Lights Out, Voodoo Doll, Head Trip, Grave Digger – these are just a few of the names of the synthetic drugs that one man sold through his wholesale business based in Texas. A judge recently ordered that his sentence would end with the two years he has already served for charges that include conspiracy to commit mail fraud and conspiracy to possess with the intent to distribute controlled substances. He pleaded guilty to both charges, taking responsibility for his part in a much larger synthetic drug ring that made an estimated $16 million in less than two years and included 15+ businesses across a number of states.
Emails and text messages were gathered in the course of the investigation, revealing who was involved, in what capacity, and to what degree. The Texas man’s culpability was undeniable, and it was smart to claim that fact and plead guilty.
Unfortunately, when it comes to drug use and behaviors, many people will deny the level of severity of the issue long after it has become evident that the problem is serious – not just the person living with the addiction but friends and family members as well.
Are you acknowledging your loved one’s use of substances, or are you in denial?
Denial Is Protection
When we refuse to really assess an issue that has the potential to be problematic or when we see the clear evidence of a substance use disorder and ignore it, it is often an attempt to protect ourselves from the difficulty of emotionally processing the truth. When you ignore something, you do not have to deal with it. You give yourself permission to maintain the status quo. Unfortunately, the status quo in the case of drug use and abuse means continual threat of harm, including death, due to medical emergency or choices made under the influence, making denial no real protection at all.
First Things First
The good news is that you can give yourself permission to take a moment and prepare for what is to come, no matter how difficult. Though there is an urgent need to address the problem of a loved one’s ongoing substance use disorder, there is not a need to rush the proceedings. You have time to take a breath, do a little research, reach out for assistance, and do things in the most functional and fluid way possible. Not only is this recommended for your own personal mental health, but it may also increase the likelihood that your loved one really hears what you have to say and agrees to enroll in a treatment program.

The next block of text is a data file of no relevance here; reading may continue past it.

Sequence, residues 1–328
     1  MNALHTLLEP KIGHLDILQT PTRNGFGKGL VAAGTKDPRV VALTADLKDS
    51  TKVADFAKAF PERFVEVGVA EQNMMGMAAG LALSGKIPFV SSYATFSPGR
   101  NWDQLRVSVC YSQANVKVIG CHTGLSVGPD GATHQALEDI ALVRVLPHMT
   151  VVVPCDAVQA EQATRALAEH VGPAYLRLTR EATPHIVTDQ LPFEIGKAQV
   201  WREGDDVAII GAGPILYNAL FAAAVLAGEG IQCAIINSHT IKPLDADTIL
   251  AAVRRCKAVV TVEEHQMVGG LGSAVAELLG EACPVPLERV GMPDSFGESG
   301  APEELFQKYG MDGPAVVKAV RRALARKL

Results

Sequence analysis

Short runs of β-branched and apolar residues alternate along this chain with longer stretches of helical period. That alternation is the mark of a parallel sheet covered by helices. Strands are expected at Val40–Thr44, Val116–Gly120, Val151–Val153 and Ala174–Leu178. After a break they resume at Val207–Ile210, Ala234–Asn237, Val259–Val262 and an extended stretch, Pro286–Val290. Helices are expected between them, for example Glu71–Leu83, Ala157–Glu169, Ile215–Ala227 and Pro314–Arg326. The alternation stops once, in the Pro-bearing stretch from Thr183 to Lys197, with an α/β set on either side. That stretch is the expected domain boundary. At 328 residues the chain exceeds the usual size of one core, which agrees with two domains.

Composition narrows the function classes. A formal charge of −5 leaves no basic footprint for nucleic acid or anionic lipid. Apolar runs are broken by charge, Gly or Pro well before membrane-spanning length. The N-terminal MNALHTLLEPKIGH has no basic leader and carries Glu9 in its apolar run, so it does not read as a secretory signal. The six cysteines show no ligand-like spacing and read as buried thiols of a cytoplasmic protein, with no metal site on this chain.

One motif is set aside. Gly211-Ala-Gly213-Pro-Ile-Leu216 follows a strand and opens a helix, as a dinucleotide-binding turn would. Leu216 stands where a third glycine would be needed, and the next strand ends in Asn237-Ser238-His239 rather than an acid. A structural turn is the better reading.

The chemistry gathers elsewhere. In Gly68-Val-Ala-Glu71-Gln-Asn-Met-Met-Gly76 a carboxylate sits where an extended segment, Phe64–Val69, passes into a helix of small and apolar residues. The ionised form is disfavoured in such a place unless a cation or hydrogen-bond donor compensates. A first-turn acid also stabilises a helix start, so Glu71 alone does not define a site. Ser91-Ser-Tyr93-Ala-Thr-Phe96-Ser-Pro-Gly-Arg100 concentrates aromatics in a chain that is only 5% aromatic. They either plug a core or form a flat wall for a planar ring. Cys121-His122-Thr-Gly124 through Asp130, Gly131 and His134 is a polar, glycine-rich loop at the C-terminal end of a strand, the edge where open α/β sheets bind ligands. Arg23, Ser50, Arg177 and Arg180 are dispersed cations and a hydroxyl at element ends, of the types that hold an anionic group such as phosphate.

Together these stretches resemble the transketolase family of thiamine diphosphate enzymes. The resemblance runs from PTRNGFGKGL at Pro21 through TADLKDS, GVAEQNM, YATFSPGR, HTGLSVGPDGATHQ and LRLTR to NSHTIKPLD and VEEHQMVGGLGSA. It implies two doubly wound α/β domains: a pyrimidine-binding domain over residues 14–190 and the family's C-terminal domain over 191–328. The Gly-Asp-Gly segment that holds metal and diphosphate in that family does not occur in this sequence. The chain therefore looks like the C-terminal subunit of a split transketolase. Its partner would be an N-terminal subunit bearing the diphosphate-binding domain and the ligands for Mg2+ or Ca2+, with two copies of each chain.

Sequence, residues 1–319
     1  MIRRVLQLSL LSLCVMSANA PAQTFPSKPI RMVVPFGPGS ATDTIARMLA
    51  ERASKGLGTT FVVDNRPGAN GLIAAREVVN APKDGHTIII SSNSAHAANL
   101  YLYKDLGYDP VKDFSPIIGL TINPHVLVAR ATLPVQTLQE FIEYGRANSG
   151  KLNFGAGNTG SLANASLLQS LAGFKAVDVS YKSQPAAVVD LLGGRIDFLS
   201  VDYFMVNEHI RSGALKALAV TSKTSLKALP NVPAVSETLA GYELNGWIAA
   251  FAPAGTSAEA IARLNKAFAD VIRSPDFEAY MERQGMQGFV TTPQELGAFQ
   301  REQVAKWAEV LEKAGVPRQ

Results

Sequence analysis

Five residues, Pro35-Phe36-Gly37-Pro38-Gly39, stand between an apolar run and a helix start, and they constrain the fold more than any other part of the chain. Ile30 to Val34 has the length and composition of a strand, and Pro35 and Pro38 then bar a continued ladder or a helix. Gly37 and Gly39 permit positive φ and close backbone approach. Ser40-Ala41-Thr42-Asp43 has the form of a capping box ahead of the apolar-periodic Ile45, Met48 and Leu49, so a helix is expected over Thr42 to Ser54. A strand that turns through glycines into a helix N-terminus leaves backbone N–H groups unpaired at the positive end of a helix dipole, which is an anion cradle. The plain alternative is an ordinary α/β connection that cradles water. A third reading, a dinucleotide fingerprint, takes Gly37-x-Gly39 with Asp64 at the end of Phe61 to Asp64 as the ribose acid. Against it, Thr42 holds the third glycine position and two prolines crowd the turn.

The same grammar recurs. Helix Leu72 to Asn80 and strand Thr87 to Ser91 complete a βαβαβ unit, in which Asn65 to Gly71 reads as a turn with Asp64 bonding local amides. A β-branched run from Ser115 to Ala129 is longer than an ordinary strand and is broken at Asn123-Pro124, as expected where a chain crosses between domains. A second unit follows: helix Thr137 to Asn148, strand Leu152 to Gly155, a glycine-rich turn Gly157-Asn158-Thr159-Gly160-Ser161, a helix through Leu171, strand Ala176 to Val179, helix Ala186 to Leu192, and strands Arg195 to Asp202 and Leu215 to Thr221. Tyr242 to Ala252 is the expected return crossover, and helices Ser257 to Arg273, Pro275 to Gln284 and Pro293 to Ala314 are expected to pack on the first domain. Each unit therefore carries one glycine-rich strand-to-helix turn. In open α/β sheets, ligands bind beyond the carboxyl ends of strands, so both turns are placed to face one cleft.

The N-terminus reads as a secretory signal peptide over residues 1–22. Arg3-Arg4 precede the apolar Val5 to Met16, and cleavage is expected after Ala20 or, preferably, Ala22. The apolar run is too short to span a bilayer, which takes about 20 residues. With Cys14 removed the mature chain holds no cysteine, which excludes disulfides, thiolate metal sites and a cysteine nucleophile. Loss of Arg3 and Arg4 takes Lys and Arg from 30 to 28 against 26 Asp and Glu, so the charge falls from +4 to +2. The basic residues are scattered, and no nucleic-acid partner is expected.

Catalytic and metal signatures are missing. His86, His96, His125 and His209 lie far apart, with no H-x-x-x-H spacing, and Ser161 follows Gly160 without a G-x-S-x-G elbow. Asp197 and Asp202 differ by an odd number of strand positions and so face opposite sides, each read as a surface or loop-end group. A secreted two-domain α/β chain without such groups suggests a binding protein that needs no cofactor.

Ask for Help
A substance use disorder is no small thing, and it makes sense to reach out for assistance from a number of different areas as you take on the process of helping your loved one begin treatment. You do not have to take this on alone, nor should you. In fact, the more people you have in your corner backing you up and helping you to plan out the details, the more likely it is that the prospect of treatment will be presented to your family member living in addiction as a viable and necessary option.
Some good sources of assistance as you get started in figuring out what is happening with your loved one and how best to proceed include:
- Close family members and confidantes: Other people in your family and your closest friends who know you best will be able to help you by giving you an objective opinion about what is happening with your loved one and being there with you when you broach the subject of treatment with your loved one.
- A religious leader: If you find solace in a religion, then it can be helpful to have the guidance and support of a clergy member.
- Professional interventionist: A professional interventionist can help you manage the details and assist you in making critical decisions as you plan the discussion with your loved one about the option of treatment and take the lead when you actually hold that conversation.
- Therapist: It is true that your loved one needs to undergo treatment for addiction, but you too have been impacted by their ongoing drug and alcohol use. As a result, you will also need assistance as you undertake your personal healing process. Therapeutic intervention is recommended.
Are you ready to address the problem of your loved one’s addiction?